Leeds United Supporting White Ribbon

Leeds City Council and Leeds United team up to encourage support for campaigns to tackle domestic abuse

Leeds City Council’s Safer Leeds team is working in partnership with Leeds United to encourage everyone in the city to support campaigns to end violence against women.

The council and football club have joined forces for this year’s 16 Days of Action and White Ribbon campaigns, which will raise awareness of domestic abuse and encourage men to promise that they will not commit, condone or remain silent about violence against women.

The 16 Days of Action campaign runs from 25 November to 10 December and this year focuses on the signs of coercive and controlling behaviour and stalking which are often not recognised as behaviours of domestic abuse. This can be all the more difficult for people who are reliant on the person controlling them for their care and support, people who for example, need the person to make them meals, or to help them out of bed or to leave the house; or for people, such as those with learning disabilities or dementia who may find it harder to understand what is happening or to speak up for themselves.

The first day of the campaign, 25 November, is also White Ribbon Day which is the international day to end violence against women. Leeds United have shown their support for the White Ribbon and The 16 Days of Action with the creation of a short film to raise awareness of the spikes in violence against women during sporting events. The film features a variety of first-team players as well as a warning from one survivor whose son was killed as a result of domestic violence. The film will be shown on the big screen at Elland Road, 30 November, before Leeds United play Middlesbrough, with the players wearing the White Ribbon during the warm up.

A conference will also be held at Elland Road on the Monday 2 December as part of the wider campaign. The conference will be attended by survivors of domestic violence, stakeholders and health experts and will explore the risk factors associated with stalking and coercive control, increase awareness and improve understanding in order to improve support for those affected.

Councillor Debra Coupar, Leeds City Council’s executive member for communities said:

“As the executive lead for community safety I am delighted that here in Leeds we are proactively supporting the ‘16 Days of Action’ against domestic violence and abuse campaign. This is a fantastic opportunity to raise awareness of stalking and coercive controlling behaviour as we need more people to understand and recognise that domestic abuse isn’t just about physical violence; coercive control has featured in a high number of domestic homicide reviews where the victims have never knowingly experienced any form of physical violence.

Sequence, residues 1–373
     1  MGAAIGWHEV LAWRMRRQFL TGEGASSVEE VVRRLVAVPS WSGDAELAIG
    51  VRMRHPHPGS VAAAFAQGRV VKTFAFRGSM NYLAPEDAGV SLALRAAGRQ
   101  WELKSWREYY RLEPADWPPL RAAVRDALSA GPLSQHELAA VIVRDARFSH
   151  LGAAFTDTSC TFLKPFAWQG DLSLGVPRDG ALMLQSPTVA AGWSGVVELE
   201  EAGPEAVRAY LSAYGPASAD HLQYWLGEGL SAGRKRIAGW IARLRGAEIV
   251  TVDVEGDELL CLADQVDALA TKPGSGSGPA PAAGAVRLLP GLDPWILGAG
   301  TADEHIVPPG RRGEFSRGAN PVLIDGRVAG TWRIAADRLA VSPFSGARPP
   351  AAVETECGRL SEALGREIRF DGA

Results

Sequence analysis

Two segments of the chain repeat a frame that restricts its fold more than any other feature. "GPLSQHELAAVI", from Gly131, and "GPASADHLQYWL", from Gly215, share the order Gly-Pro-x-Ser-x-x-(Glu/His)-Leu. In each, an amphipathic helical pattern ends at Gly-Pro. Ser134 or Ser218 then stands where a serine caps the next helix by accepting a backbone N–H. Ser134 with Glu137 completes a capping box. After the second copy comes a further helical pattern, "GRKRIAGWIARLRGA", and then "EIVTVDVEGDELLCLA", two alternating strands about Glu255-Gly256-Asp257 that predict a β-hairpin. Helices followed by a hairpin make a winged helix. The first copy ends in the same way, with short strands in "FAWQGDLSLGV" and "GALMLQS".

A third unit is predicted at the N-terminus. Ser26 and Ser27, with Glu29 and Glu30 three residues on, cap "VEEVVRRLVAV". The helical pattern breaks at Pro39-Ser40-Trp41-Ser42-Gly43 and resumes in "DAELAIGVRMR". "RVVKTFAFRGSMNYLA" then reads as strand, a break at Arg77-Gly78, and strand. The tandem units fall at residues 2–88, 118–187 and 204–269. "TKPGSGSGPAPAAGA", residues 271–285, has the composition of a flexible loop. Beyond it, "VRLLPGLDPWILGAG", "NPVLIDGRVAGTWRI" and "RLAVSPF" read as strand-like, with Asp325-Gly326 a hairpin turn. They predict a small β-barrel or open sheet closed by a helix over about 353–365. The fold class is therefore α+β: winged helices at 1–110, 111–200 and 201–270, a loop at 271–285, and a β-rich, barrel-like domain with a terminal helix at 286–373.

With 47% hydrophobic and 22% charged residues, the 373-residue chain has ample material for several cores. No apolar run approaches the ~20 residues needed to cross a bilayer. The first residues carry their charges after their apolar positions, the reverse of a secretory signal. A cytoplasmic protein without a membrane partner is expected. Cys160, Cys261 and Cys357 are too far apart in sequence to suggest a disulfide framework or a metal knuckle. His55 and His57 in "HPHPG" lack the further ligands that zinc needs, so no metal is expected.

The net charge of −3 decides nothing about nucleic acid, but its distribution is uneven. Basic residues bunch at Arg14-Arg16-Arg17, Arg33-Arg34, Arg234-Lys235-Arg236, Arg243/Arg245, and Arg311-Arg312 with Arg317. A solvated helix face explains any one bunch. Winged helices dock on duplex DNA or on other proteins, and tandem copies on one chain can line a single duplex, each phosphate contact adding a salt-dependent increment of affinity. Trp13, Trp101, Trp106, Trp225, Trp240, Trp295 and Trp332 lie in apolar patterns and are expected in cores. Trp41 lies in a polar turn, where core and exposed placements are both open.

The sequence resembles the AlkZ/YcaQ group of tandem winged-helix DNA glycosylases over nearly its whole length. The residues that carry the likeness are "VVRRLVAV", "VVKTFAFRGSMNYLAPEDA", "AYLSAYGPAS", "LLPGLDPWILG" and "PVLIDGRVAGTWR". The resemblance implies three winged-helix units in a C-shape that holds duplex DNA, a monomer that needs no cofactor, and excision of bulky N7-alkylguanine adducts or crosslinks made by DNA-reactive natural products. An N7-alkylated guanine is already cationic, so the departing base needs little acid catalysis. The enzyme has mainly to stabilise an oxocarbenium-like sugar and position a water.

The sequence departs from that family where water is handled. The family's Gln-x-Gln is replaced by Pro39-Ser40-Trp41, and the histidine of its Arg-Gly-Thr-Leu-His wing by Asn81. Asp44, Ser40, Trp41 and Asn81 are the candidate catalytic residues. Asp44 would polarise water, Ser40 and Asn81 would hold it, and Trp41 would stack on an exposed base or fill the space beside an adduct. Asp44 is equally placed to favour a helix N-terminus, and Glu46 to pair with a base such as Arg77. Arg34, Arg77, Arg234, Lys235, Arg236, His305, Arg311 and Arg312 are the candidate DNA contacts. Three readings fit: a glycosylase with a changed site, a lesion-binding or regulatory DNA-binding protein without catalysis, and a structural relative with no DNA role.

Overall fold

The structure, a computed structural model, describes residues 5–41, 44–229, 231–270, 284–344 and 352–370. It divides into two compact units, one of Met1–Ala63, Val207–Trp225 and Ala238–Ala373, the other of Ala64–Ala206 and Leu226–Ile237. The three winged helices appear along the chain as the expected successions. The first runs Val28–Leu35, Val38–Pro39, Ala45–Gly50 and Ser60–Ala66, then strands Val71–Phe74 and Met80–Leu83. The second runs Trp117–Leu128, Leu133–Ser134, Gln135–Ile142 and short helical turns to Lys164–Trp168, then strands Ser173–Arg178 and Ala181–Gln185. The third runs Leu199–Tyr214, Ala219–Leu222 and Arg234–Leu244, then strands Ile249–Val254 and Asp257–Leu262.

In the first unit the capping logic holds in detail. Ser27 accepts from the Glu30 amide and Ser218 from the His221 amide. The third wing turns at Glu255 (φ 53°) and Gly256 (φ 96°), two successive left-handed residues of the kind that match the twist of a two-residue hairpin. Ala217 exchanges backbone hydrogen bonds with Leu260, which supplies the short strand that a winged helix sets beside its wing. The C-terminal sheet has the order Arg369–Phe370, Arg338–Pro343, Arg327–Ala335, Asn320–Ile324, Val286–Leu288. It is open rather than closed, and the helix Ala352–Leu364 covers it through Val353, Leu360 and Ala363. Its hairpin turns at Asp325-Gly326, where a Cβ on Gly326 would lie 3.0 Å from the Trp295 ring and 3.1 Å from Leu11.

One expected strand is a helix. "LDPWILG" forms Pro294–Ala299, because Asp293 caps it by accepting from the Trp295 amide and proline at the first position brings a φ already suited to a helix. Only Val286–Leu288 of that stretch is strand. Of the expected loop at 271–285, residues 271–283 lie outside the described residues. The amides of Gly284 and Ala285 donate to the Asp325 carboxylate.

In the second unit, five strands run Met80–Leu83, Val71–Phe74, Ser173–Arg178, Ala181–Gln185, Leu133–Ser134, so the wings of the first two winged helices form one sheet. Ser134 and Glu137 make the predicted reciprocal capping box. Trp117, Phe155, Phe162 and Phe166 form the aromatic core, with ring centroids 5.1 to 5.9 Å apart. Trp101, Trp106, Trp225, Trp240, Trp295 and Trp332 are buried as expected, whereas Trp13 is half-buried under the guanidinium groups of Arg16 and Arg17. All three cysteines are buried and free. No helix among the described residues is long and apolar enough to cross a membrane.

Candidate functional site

“During the campaign we will be hosting a conference in partnership with Leeds Safeguarding Adults Board which will bring together practitioners to raise awareness of how we can improve support to victims, including those with additional care and support needs. Ultimately, it is through engaging with campaigns such as this that we will hopefully encourage more people to come forward and report it.”

Richard Jones CBE, Independent Chair of Leeds Safeguarding Adults Board said:

“I am so pleased that we have been able to come together to shine a light on coercion and control, to raise awareness and work together support those experiencing domestic abuse.”

Lynne Chambers, Interim Head of Service Children and Adult Safeguarding said:

“Leeds Community Healthcare work with Safer Leeds to support the embedding of the Domestic Violence and Abuse Strategy UK. We are working with all of our partners towards ending violence for women and girls but also acknowledging that in some cases men are also subject to abuse.

“We are privileged to be supporting the Leeds Safeguarding Adults Board and Safer Leeds coercive control conference in December. One of our members of staff will be sharing a personal family tragic event born from domestic violence and abuse with a view to raising awareness of coercive control to conference attendees and our local community.”

Research has shown that women make up the majority of victims of domestic violence and abuse, particularly high risk or severe domestic abuse, however, it is recognised that men can also be victims and help and support is available for everyone.

Domestic abuse does not just mean physical violence. It can be any case of psychological, physical, sexual, financial and emotional abuse. Women are more likely to experience higher levels of fear and are more likely to be subjected to coercive and controlling behaviours (Dobash & Dobash, 2004; Hester, 2013; Myhill, 2015; Myhill, 2017).

One study found that 95 out of 100 domestic abuse survivors reported experiencing coercive control. (Kelly et al, 2014). Another study found that women are far more likely than men to be victims of abuse that involves ongoing degradation and frightening threats – two key elements of coercive control. (Myhill, 2015).